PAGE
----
The brochure on Sydney's Light Rail Future, the only information we have been given, did not include a dot at the SCG as you can see in the right-hand map in the Header. However a dot has appeared on subsequent fliers and Chris Lock has said that there could be a spur rail or loop but this still has to be designed. So what prompted the change of heart?

In fact, O'Farrell has secret plans for the loop used for two hours after Special Events and he is desperate that no information comes out before the ESI for The Project has been released. Attempts by PUSH to gain information under the Freedom of Information Act have been rebuffed by the Minister on the grounds that "the Government has released detailed information about our light rail project in [the] Sydney's Light Rail Future [document] ... and at community meetings and events held since".

Sydney Swans' morning training session
The oval in the centre of the bus loop is readily accessible through the bus stops and is just across from the first floor gym at the Swans' headquarters. How much of it will remain after Moore Park has had trenches dug through it and has bunkers for drainage water and sculptured hillocks for the excavated soil as at Prince Albert Park wont be known until the end of the process. Now that Sydney Council is involved we can expect delays and endless redesigns.

Wednesday, 5 June 2013

The Eastern Suburbs, Botany Aquifer

Lost vistas

Act II: Neverland

Last view seen by Elizabeth Street bus passengers before being terminated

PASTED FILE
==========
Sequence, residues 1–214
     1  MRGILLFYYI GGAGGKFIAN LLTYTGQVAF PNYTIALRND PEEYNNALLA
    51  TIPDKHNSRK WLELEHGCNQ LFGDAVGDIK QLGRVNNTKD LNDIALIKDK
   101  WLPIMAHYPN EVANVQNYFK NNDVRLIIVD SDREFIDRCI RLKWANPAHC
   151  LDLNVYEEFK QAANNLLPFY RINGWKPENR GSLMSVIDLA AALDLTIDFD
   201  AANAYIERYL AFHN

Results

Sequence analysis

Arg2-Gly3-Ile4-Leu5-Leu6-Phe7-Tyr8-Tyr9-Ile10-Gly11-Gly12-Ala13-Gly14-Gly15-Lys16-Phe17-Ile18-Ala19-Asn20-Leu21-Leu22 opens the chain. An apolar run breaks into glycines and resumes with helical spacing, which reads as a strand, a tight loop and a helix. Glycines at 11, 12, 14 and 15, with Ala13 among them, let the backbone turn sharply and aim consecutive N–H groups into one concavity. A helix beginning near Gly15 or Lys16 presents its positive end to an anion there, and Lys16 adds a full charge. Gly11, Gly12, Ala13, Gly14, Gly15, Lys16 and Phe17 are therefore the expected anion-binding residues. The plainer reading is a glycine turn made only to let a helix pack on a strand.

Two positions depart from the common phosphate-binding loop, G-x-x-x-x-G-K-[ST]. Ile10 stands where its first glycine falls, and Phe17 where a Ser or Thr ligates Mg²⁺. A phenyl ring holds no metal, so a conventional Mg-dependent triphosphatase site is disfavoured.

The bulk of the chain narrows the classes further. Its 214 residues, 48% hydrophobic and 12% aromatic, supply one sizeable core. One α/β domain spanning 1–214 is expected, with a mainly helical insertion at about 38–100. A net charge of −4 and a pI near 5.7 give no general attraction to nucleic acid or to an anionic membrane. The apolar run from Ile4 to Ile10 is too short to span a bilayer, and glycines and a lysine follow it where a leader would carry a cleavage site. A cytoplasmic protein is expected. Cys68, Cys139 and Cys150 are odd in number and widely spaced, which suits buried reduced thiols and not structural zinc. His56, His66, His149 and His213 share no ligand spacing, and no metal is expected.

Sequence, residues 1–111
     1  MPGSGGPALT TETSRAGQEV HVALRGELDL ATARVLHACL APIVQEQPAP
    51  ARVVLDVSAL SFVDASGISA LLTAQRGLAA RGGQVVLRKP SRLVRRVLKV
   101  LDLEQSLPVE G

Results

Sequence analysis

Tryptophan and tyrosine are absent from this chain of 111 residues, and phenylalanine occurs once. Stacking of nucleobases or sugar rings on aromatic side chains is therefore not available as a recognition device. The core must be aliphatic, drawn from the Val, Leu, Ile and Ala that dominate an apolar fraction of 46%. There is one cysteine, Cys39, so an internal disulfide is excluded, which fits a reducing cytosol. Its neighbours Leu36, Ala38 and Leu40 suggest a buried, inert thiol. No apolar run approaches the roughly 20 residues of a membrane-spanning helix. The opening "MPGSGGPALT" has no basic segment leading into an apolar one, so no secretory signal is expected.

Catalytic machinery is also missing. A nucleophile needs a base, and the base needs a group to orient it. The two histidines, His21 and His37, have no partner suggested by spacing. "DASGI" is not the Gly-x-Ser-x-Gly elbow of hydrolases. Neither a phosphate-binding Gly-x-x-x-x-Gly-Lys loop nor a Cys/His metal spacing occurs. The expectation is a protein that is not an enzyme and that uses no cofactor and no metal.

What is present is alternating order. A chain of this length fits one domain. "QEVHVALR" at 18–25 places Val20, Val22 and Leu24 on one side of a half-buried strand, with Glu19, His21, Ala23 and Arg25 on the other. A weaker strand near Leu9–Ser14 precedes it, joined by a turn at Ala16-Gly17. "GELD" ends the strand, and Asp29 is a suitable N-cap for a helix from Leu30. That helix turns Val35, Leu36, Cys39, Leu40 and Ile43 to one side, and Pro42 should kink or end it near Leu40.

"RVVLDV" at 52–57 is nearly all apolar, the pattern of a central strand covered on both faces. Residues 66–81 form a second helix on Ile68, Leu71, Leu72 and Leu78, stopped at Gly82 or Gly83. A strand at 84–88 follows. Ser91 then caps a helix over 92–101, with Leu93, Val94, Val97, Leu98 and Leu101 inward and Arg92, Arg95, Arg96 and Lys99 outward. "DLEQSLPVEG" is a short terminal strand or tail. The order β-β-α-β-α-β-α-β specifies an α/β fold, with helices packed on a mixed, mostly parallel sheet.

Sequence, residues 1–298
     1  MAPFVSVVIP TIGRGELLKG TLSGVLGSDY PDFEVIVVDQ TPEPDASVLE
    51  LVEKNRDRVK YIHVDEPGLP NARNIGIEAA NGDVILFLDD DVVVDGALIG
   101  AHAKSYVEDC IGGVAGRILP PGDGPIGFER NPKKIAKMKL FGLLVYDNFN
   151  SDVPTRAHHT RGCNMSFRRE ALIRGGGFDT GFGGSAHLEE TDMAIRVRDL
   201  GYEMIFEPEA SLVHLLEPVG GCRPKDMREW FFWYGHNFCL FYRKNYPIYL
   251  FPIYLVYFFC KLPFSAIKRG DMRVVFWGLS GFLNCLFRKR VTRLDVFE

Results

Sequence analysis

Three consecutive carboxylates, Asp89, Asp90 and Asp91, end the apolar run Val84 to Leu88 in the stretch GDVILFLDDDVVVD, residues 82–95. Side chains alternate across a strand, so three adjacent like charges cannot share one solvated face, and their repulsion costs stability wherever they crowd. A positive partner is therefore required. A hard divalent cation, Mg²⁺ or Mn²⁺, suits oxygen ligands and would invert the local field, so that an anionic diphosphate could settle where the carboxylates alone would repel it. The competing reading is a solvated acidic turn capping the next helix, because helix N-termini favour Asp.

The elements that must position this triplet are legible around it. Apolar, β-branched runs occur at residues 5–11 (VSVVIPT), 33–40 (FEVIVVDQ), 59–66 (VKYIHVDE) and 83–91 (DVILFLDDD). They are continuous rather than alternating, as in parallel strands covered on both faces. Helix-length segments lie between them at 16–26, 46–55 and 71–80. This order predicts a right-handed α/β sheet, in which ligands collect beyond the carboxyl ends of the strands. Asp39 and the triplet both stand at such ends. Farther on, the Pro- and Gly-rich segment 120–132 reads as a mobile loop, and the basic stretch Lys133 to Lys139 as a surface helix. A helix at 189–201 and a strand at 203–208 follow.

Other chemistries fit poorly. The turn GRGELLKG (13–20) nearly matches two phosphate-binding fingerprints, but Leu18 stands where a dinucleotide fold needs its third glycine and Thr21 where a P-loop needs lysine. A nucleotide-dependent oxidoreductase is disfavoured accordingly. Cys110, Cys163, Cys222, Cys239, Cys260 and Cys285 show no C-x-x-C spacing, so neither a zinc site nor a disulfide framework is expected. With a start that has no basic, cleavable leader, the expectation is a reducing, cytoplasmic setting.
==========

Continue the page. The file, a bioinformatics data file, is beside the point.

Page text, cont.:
Prince Alfred Park was gazetted as a public park in 1865 and an Olympic swimming pool was opened there in 1958. It closed for a time when the lease was linked to Abe Saffron. Then Lord Mayor Frank Sartor wanted to replace it with a parking lot - it was used by residents in Surry Hills and Redfern but lay over the boundary in Sydney City. I had been swimming there four or five times a week but would have no say. When South Sydney was remerged with the City of Sydney all candidates promised to keep the pool.

Sydney Council exhibited plans to redevelop the pool and closed it down, then reopened it for a summer while new plans were developed, then closed it down in 2009 with an expected reopening in March, 2010. The pool finally reopened four weeks ago after a series of redesigns and opening dates. The estimated cost had risen from $10 million to $18 million.

Every drop of rain that falls on the park seeps through to the aquifer that stretches from Surry Hills to Botany Bay and has traditionally been pumped up the water the lawns. The design for the pool placed the pool in a concrete crater, with runoff being collected in a large concrete bunker south of the pool. Vast amounts of CO2 would have been generated building the bunkers and water still has to be pumped from them. The rubble excavated for the bunkers is piled up to form the other side of the crater. The only parts of the original pool retained was the bottom slab of the pool and part of the wall at the deep end.